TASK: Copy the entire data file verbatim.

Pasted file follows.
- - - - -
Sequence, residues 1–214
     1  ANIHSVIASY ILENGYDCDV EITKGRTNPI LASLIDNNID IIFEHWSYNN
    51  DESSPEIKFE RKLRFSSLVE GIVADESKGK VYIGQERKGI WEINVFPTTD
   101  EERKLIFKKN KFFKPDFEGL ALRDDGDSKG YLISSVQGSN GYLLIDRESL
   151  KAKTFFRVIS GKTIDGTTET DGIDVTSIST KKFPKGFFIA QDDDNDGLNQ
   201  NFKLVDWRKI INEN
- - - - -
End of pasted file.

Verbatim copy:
Sequence, residues 1–214
     1  ANIHSVIASY ILENGYDCDV EITKGRTNPI LASLIDNNID IIFEHWSYNN
    51  DESSPEIKFE RKLRFSSLVE GIVADESKGK VYIGQERKGI WEINVFPTTD
   101  EERKLIFKKN KFFKPDFEGL ALRDDGDSKG YLISSVQGSN GYLLIDRESL
   151  KAKTFFRVIS GKTIDGTTET DGIDVTSIST KKFPKGFFIA QDDDNDGLNQ
   201  NFKLVDWRKI INEN